The second of two courses that comprise an individually arranged research project under the guidance of department faculty. Each biology major elects to do laboratory/field research on a problem in biology of personal interest. In this course the student will collect and analyze data, finish and submit a written report, and do a public presentation of his or her research.

4-8 credits from the following:

Prerequisites:

An in-depth study of the structure and function of human organ systems and the relationships among physiologic systems at the cellular, tissue, organ, and system levels. A comprehensive understanding of how each system aids in the maintenance of homeostasis is stressed in the study of cellular structure and physiology, the integumentary, skeletal, muscular, and nervous systems. A strong background in biology and basic knowledge of physiological systems is assumed. Human cadaver dissections may be demonstrated in association with each organ system studied. Concurrent registration in BIO 251 is recommended.

Prerequisites:

Continuation of BIO 201. An in-depth study of the structure and function of human organ systems and the relationships among physiologic systems at the cellular, tissue, organ, and system levels. A comprehensive understanding of how each system aids in the maintenance of homeostasis is stressed in the study of the endocrine, cardiovascular, respiratory, digestive, excretory, and reproductive systems. Human cadaver dissections may be demonstrated in association with each organ system studied. Concurrent registration in BIO 252 is recommended.

Prerequisites:

A study of the biology and taxonomy of major invertebrate groups with special emphasis on structure-function relationships: their life histories, evolution, ecology and economic importance. Laboratory sessions involve the observation and dissection of representative invertebrate organisms in order that a clear understanding of each taxonomic phylum may be attained.

Prerequisites:

A study of progressive changes that occur within cells, tissues and organisms during their life span. Development at the molecular, biochemical, genetic, morphological and physiological levels are examined through lecture, discussion and laboratory exercises.

Prerequisites:

A study of the evolution and comparative structure and function of the organ systems in all major groups of the phylum chordata. Laboratory work requires dissection of lamprey, shark, mud puppy and cat with frequent reference to other representative vertebrates, especially humans.

2-6 credits:

Biology electives

Chemistry minor, 12 credits:

An introduction to the fundamental principles of Chemistry including modern concepts of atomic and molecular theory, physical states of matter, stoichiometry, chemical bonding, gas laws, equilibria and reactions of inorganic compounds.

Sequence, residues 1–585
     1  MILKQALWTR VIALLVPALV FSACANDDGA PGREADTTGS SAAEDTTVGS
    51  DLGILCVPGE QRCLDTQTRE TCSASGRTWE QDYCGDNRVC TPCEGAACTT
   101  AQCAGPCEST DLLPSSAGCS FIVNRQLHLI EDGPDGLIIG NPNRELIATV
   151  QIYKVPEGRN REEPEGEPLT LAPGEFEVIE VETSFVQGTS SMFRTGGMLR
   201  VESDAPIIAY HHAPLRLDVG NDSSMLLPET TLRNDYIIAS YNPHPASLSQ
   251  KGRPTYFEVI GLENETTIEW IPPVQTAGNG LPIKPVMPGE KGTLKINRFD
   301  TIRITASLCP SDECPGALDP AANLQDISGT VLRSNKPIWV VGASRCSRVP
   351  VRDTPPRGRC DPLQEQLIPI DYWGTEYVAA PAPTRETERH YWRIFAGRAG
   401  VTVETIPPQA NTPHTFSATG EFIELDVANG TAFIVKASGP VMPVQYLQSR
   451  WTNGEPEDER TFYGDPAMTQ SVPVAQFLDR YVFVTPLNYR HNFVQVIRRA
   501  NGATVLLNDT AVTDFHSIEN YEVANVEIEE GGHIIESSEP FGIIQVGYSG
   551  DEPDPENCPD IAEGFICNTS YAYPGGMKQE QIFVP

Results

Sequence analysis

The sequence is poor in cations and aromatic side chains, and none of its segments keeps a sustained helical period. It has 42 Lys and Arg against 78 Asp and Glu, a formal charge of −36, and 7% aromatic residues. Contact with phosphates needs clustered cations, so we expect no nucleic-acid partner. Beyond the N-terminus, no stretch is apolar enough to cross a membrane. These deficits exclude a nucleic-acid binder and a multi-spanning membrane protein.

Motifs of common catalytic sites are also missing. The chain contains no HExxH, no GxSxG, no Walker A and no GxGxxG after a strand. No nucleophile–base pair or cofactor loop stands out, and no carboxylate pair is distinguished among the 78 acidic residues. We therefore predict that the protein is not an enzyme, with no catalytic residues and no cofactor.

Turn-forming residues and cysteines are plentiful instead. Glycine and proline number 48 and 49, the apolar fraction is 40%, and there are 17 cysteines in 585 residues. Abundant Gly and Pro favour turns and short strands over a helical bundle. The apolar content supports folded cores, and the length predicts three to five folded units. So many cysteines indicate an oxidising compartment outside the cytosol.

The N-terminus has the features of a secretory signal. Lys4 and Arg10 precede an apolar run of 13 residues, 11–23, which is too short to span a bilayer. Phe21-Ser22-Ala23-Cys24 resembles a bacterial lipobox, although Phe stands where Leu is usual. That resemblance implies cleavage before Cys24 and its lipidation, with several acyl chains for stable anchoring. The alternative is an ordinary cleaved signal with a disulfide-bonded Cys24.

Prerequisites:

A second-semester general Chemistry course which introduces the topics of equilibrium, kinetics, ionic equilibria of weak electrolytes, solubility product, coordination compounds, thermodynamics, electrochemistry and descriptive chemistry. Qualitative analysis is included in the laboratory portion of this course.

Prerequisites:

An introduction to the principles of analytical chemistry with emphasis on analytical methods involving volumetric, optical, separations and electrochemical analyses, especially for chemistry majors, pre-medical and medical students, medical technology and other students in biological sciences.

12 credits:

CHE Chemistry electives (choose from course numbers 200 and above)

Chemistry major, 34-36 credits:

An introduction to the fundamental principles of Chemistry including modern concepts of atomic and molecular theory, physical states of matter, stoichiometry, chemical bonding, gas laws, equilibria and reactions of inorganic compounds.

Prerequisites:

A second-semester general Chemistry course which introduces the topics of equilibrium, kinetics, ionic equilibria of weak electrolytes, solubility product, coordination compounds, thermodynamics, electrochemistry and descriptive chemistry. Qualitative analysis is included in the laboratory portion of this course.

Prerequisites:


Corequisites:

An in-depth study of the chemistry of organic compounds. This course includes nomenclature, structure, reactions, stereochemistry, an introduction to absorption spectroscopy and uses and reaction mechanisms of organic molecules.

Prerequisites:


Corequisites:

A continuation of CHE 201.

Prerequisites:

An introduction to the techniques and methods of the organic chemistry laboratory. This course includes the synthesis of various classes of compounds, determination of properties and structures, product evaluation, introduction to various instruments and identification.

Prerequisites:

An introduction to the principles of analytical chemistry with emphasis on analytical methods involving volumetric, optical, separations and electrochemical analyses, especially for chemistry majors, pre-medical and medical students, medical technology and other students in biological sciences.

Prerequisites:

An introduction to chemical instrumentation presenting theoretical and experimental aspects of solving analytical problems. The course introduces the applications of modern instruments to the detection and identification of chemical elements and compounds, covering ultraviolet, visible, infrared spectrophotometry, ESR, NMR, atomic absorption, ion exchange, gas chromatography and electrochemistry. This course also includes the interfacing of instruments to computers.